Community Ecology


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  • Resource partitioning among Dominican Republic lizards. Seven species of Anolis lizards live in close proximity, and all feed on insects and other small arthropods. However, competition for food is reduced because each lizard species has a different perch, thus occupying a distinct niche. Sympatric species often partition available resources, reducing competition between them.
  • Predation provides a strong selective pressure on prey populations. Ay feature that would decrease the probability of capture should be strongly favored.
  • Community Ecology

    1. 1. Community Ecology population ecosystem community biosphere organism
    2. 2. COMMUNITY ECOLOGY <ul><li>Community </li></ul><ul><ul><li>all the organisms that live together in a place </li></ul></ul><ul><ul><ul><li>interactions </li></ul></ul></ul><ul><li>Community Ecology </li></ul><ul><ul><li>study of interactions among all populations in a common environment </li></ul></ul><ul><ul><li>Answers the Q: </li></ul></ul><ul><ul><ul><li>In what ways do populations </li></ul></ul></ul><ul><ul><ul><li>interact? </li></ul></ul></ul>
    3. 3. NICHE <ul><li>An organism’s niche is its ecological role </li></ul><ul><ul><li>habitat = address vs. niche = job </li></ul></ul>Fundamental niches Realized niches High tide Low tide Species 1 Species 2 Competitive Exclusion If Species 2 is removed, then Species 1 will occupy whole tidal zone. But at lower depths Species 2 out-competes Species 1, excluding it from its potential (fundamental) niche. Chthamalus sp. Semibalanus sp.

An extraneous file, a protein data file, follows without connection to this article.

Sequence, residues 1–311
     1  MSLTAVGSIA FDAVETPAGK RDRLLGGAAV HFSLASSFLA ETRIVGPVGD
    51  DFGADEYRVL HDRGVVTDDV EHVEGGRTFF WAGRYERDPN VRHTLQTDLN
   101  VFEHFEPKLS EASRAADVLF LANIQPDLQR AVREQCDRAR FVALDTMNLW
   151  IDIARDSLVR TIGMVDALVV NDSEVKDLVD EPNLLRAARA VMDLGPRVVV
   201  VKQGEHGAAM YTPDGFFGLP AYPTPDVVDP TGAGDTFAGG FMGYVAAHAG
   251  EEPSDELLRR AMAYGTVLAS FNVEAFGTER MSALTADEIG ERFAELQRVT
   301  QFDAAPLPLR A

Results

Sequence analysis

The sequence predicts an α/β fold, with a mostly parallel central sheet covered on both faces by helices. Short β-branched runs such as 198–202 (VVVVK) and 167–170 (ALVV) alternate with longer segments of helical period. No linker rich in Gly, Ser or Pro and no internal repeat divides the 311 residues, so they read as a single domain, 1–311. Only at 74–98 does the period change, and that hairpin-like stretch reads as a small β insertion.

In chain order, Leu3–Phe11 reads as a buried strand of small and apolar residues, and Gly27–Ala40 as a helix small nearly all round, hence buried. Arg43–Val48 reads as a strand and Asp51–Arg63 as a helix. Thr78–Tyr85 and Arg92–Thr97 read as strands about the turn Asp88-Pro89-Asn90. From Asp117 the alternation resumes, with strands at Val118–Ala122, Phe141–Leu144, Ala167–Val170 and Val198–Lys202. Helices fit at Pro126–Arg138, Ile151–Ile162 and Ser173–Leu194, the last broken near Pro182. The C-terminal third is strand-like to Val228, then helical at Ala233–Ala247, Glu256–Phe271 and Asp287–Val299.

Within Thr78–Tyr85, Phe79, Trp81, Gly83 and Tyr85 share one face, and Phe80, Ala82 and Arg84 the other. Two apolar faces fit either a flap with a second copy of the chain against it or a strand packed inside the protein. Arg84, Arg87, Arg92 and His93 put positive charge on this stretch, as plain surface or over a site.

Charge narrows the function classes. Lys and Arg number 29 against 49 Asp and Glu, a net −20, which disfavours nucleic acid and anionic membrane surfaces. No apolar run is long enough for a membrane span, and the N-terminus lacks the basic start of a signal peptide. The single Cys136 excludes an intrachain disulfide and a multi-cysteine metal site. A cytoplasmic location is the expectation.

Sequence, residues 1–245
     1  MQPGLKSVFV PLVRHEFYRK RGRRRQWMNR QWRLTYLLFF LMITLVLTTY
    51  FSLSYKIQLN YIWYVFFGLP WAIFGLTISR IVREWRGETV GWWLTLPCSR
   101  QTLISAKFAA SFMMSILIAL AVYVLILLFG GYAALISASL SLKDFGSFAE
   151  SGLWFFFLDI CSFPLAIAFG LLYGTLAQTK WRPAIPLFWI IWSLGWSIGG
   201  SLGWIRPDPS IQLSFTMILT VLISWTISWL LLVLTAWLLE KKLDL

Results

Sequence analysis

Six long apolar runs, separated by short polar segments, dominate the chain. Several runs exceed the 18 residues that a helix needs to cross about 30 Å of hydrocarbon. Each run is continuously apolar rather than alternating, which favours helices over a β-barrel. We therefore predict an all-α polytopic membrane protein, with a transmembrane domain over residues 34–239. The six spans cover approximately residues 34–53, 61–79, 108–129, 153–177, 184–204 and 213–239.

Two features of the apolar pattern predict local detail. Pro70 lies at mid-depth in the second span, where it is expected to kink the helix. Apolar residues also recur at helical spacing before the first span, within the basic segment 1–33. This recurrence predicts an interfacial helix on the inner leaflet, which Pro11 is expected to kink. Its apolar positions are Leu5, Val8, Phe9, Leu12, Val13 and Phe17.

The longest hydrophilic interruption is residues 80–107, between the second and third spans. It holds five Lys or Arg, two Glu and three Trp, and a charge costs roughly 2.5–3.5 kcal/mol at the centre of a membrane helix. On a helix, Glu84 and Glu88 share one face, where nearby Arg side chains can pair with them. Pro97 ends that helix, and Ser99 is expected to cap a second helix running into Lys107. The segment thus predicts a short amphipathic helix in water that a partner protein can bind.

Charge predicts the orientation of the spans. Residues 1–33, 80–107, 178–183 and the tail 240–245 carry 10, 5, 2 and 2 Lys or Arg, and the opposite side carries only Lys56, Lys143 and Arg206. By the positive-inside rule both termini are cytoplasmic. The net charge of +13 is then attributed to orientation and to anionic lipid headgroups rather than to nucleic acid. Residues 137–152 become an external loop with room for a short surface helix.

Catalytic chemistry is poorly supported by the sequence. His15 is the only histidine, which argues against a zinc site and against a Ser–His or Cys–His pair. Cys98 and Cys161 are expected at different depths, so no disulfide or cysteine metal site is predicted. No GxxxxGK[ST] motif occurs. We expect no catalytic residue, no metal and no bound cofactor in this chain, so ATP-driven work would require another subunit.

4. 4. NICHE & COMPETITION <ul><li>Competitive Exclusion </li></ul><ul><ul><li>No two similar species can occupy the same niche at the same time </li></ul></ul>
    5. 5. RESOURCE PARTITIONING <ul><li>Reduce competition through microhabitats </li></ul>“ the ghost of competition past”
    6. 6. INTERSPECIFIC INTERACTIONS (INTERACTIONS BETWEEN SPECIES) <ul><li>Symbiotic interactions </li></ul><ul><ul><li>competition (-/-) </li></ul></ul><ul><ul><ul><li>compete for limited resource </li></ul></ul></ul><ul><ul><ul><li>competitive exclusion ! </li></ul></ul></ul><ul><ul><li>predation / parasitism (-/+) </li></ul></ul><ul><ul><li>mutualism (+/+) </li></ul></ul><ul><ul><ul><li>lichens (algae & fungus) </li></ul></ul></ul><ul><ul><li>commensalism (+/0) </li></ul></ul><ul><ul><ul><li>barnacles attached to whale </li></ul></ul></ul>
    7. 7. commensalism predation competition Symbiosis mutualism … not very funny for a clown fish +/0 +/+ +/- -/-
    8. 8. COEVOLUTION IN COMMUNITY <ul><li>Predator-prey relationships </li></ul><ul><li>Parasite-host relationships </li></ul><ul><li>Flowers & pollinators </li></ul>Long term evolutionary adjustments between species
    9. 9. PREDATION DRIVES EVOLUTION <ul><li>Predators adaptations </li></ul><ul><ul><li>locate & subdue prey </li></ul></ul><ul><li>Prey adaptations </li></ul><ul><ul><li>elude & defend </li></ul></ul>spines, thorns, toxins horns, speed, coloration Predation provides a strong selection pressure on both prey & predator
    10. 10. ANTI-PREDATOR ADAPTATIONS/DEFENSE MECHANISMS <ul><li>Hide from predators </li></ul><ul><ul><li>avoid detection </li></ul></ul><ul><ul><li>Camouflage – cryptic coloration </li></ul></ul><ul><li>Warn predators </li></ul><ul><ul><li>advertise how undesirable you are as prey </li></ul></ul><ul><ul><li>aposematic coloration </li></ul></ul><ul><ul><ul><li>apo = away & sematic = sign/meaning </li></ul></ul></ul><ul><ul><ul><li>Mimicry </li></ul></ul></ul>lizard toad
    11. 11. COMMON WARNING COLORATION <ul><li>Aposematic species come to resemble each other </li></ul>black, red, orange & yellow means: DON’T EAT ME !